I lived in the Manchester area in the 1990s, during the peak of the Oasis years, when everyone was ‘mad for it’ and the city was the coolest place to be. It was never a city centre I felt comfortable in. I was mainly passing through it from one transport hub to another, but it seemed edgy and dangerous for all its rebuilding and rebranding, so I tended to go out in the smaller cities and towns of Wigan or Stockport.
This month’s first book review is Andrew Field’s, All Down the Line – published in December 2020 by Boomslang ( http://www.boomslangbooks.org ) , which is set in modern Manchester. Like the city itself it hums with tension, and we find a place run by crime gangs, hiding behind the glamour of bars, restaurants, and movies.
We meet Cain Bell, who thought he had closure over his daughter’s hit and run death after a man confessed. Twenty years later and his new fiancée has just claimed the man was lying. Before she can say anymore, a savage attack leaves her in a coma. To make sense of the assault, Cain must discover why four friends swore blind to never reveal the tragic truth about the circumstances surrounding the killing of his daughter. He can only succeed if he persuades Manchester’s most terrifying gangster to talk. Can must convince him to tell all, even if it puts his own life on the line.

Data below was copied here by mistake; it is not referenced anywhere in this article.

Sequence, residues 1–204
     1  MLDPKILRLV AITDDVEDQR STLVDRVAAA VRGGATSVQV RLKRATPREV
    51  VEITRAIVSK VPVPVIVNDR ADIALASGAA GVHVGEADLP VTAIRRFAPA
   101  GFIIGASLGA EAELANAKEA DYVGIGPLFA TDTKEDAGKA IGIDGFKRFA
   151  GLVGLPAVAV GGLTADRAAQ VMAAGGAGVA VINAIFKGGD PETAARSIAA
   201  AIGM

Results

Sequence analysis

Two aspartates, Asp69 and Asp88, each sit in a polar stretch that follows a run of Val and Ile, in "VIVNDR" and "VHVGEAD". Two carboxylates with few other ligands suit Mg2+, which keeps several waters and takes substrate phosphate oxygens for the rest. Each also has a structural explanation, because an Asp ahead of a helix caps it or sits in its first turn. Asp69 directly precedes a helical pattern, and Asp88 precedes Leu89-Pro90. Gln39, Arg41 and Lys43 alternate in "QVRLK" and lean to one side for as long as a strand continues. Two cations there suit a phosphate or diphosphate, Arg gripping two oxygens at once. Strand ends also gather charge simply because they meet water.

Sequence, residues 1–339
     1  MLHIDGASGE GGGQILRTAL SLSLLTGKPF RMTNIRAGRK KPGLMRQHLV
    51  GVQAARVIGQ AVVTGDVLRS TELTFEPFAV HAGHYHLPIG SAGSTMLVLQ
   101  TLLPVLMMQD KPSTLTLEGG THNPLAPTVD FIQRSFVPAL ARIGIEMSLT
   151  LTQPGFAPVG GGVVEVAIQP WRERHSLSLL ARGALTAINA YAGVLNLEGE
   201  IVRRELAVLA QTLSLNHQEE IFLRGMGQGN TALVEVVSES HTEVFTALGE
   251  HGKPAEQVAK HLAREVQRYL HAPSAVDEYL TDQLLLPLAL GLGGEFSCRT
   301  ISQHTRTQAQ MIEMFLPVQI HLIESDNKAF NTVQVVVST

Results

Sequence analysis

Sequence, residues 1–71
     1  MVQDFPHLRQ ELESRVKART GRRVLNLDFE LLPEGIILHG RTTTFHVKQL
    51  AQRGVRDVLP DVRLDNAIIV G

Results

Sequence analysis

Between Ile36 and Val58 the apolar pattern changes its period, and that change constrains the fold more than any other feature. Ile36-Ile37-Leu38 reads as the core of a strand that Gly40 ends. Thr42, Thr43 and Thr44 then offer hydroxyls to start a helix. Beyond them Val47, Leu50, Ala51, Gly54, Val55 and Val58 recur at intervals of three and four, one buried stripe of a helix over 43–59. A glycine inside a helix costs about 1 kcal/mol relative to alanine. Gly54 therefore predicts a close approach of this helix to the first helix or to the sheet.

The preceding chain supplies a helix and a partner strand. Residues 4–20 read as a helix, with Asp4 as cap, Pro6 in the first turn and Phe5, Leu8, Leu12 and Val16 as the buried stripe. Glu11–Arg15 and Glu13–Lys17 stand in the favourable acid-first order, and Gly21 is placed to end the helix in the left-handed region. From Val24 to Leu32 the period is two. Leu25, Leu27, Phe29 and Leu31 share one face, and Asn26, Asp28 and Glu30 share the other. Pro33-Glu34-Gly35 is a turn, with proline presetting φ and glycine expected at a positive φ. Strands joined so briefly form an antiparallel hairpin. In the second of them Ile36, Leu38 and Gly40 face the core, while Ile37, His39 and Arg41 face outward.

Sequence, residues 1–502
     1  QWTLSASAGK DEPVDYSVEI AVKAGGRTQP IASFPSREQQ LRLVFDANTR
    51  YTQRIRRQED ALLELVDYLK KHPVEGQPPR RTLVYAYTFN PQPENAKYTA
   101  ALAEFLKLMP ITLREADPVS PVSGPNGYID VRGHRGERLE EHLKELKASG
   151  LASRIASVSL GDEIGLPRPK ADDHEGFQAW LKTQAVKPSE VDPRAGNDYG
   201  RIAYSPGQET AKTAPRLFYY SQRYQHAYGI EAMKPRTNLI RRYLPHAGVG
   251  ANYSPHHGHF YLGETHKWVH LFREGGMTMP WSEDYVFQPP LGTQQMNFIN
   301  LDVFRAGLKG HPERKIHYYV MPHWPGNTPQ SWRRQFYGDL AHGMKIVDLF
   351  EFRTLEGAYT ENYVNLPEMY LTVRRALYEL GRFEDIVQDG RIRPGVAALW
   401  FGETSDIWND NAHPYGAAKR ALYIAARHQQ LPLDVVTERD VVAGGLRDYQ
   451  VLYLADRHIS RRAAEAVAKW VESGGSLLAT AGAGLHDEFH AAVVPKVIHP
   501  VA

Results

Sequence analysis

This book is dark. Certainly, I would class as Crime Noir. Edgier than your average crime thriller. More gruesome and gut wrenching too. Cain is an interesting main character. Struggling with grief and guilt, he talks to an apparition of his daughter on a regular basis, as he sees her near him, judging him . Whilst I felt that as a previous journalist he hadn’t used many investigative skills towards looking at the people nearest and dearest him and came over as unrealistically naive maybe, the book has you rooting for him to win and survive, as everyone else is pretty grim. The support cast could in some cases be the stuff of nightmares. The connections, twists and turns in the plot keep you guessing and the ending is satisfying enough too.
This is English author Andrew Field’s (@andrewfield208) fourth book. the others were Wicked Games (2014), Mind Games (2017) and Without Rules (2018). Before becoming a writer Andrew worked in PR and Marketing, he was most notably responsible for the Boddingtons Bitter account, during its “Cream of Manchester” heyday. He now lives in Northumberland.
Those who love stories where gangsters and crime lords are the heroes such as Peaky Blinders and Love Hate will enjoy this read. For those familiar with Manchester, it will hold an attractions too. But mainly for those who like their stories, dark , dirty and violent, this will definitely hit the spot.
Reviewed by Georgina Murphy